“Do not fall into the temptation of underestimating the workout with the wooden dummy. It is more than “simply another training aid”, more than “just a replica of human beings"
“The old musn't be changed or destroyed, only know how to care for it so that it remains always old”
SDS Concept - Never Unarmed An unpredictable attack, a powerful opponent, or even some of them, or even worse: an attack with a knife. Unarmed defense seems futile for most people. Using objects to defend oneself can dramatically increase our odds. It was this kind of thinking which inspired SDS Concept. The idea behind SDS Concept is actually quite simple: drastically increase a person's ability to defend himself in a short time, using simple and comprehensible techniques. Anything can be used to protect oneself against all sorts of attacks. Weapons or self-defense tools may not be in reach, maybe they can only be used in certain situations, they may be illegal in some places. All defense weapons have their pros and cons, none is perfect. Now, what could be more appropriate than devising a defense concept which does not only use weapons but also improvised weapons?
Disadvantages of weapons and defense tools - they may be illegal (knives, firearms, Kubotan or similar defense tools) - they may not be available or in reach (pepperspray) - they may be easily recognized as weapons (truncheons, knives, firearms, Kubotan) - they may bear disadvantages in use (reach, user puts himself or bystanders in danger, for instance with pepperspray) - their use may be exaggerated and inappropriate (firearms, knives, tasers) - not everybody can carry them (firearms, Tonfa, truncheons) - they may not be useful in certain situations (knives, truncheons) In summary, it can be said that, apart from pros and cons, the correct use of tools and effective training are absolutely necessary in order not to put oneself and others in danger. Weapons are only effective if you understand their features, their pros and cons, and you can learn and practice how to use them. Focusing on certain weapons or just one selfdefense tool often leads to ignoring other options, like using every-day objects or improvised weapons. So, SDS Concept is a system which is easy to understand and is not restricted to just one weapon, but uses everything and all things available for selfdefense. Watering cans, flip flops,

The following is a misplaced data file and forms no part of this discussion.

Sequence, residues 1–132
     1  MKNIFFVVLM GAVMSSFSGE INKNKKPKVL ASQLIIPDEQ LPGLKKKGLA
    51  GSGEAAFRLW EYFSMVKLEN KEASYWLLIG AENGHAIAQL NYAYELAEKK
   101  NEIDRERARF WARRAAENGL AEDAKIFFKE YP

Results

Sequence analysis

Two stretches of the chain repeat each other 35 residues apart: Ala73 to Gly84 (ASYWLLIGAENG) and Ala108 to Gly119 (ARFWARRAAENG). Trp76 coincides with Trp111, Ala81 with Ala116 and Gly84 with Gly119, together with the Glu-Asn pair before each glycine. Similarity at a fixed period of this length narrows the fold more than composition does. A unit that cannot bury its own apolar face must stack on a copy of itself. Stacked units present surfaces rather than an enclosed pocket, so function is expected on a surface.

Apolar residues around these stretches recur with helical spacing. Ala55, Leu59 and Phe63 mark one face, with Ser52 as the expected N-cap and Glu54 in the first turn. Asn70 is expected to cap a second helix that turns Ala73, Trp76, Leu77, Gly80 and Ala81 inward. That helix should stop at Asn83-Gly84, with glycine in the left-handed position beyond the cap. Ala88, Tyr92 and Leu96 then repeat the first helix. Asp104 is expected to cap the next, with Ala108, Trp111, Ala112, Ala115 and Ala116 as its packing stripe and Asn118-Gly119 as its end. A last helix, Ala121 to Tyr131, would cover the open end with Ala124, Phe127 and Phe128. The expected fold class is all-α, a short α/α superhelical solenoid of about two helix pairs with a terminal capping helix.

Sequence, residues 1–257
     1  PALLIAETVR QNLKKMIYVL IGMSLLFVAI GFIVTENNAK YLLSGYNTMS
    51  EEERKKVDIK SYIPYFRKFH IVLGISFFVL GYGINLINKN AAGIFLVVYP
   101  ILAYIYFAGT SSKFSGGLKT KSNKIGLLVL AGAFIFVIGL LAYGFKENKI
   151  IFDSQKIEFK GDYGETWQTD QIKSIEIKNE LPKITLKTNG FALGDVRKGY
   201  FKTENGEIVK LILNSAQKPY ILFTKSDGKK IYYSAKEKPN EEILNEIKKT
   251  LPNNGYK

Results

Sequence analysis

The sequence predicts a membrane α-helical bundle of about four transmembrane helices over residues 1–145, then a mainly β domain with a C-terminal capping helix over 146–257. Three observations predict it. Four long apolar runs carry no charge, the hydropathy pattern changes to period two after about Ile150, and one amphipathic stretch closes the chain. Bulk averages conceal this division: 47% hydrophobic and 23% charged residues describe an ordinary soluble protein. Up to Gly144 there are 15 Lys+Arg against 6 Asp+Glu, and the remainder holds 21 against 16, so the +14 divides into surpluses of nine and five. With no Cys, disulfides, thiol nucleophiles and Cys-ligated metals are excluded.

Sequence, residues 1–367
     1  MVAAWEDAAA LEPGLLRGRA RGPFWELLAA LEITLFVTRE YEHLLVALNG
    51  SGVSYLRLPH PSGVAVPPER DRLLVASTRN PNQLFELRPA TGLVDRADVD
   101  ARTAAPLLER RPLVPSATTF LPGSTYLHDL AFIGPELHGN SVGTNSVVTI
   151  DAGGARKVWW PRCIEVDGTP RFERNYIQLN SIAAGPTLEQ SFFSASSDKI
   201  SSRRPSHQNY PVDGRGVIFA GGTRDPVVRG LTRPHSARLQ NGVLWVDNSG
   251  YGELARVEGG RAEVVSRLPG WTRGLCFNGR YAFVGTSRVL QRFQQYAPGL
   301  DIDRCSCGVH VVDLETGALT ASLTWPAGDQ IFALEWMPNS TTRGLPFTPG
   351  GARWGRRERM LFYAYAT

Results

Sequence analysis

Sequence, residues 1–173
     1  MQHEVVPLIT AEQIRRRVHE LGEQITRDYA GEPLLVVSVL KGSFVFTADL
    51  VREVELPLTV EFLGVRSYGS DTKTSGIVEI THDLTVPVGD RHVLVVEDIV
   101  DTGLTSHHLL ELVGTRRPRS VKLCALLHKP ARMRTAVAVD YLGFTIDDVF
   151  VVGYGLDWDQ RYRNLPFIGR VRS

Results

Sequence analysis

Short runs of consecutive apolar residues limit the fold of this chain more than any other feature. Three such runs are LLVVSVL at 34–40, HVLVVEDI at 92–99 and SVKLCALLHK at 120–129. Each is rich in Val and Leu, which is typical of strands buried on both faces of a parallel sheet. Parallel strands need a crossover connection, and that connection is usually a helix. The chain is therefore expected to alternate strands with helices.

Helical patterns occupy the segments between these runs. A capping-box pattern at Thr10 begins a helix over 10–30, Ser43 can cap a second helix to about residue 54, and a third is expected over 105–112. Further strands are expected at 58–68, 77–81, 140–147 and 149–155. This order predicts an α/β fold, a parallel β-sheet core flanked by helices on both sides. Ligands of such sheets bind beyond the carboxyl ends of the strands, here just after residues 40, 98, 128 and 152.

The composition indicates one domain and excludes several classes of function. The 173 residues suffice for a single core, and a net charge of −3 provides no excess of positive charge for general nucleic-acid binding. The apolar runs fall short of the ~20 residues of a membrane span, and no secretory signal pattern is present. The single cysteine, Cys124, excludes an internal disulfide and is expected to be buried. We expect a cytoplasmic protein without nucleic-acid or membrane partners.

towels, as well as pens, books, plastic bottles, scarves or hats. Within SDS Concept, the user just has to understand the features of certain objects in order to use them and still be regarded as unarmed. All solid and flexible objects and liquids are used. In SDS Concept, we use objects directly or indirectly to hit, block, throw, disturb, distract, keep distance, fixate, disarm, choke and manipulate. One important advantage is that attackers don't regard these objects as weapons, and that these objects are usually not considered weapons. And they are always available and can be used at any time, which might prove quite advantageous in dangerous situations. SDS Concept does therefore not focus on the self-defense tool itself, but on underlying concepts and principles which can be applied to any object.
What can we use for self-defense? It may sound overly simple, but nearly everything can be turned into a defense tool. Throw a rock in the attacker's face. Use a chair to block attacks. Hit with a book. Use a table to maintain distance. Use a towel to disarm an attacker. Any object can be used, if you know how. It is one great advantage of SDS Concept that it is not your conventional self-defense system, but it can rather be adapted for new situations. This is why SDS Concept can be easily combined with other systems, rather than being opposed to them. In the first chapter I will deal with flexible objects and I will show you how to use them.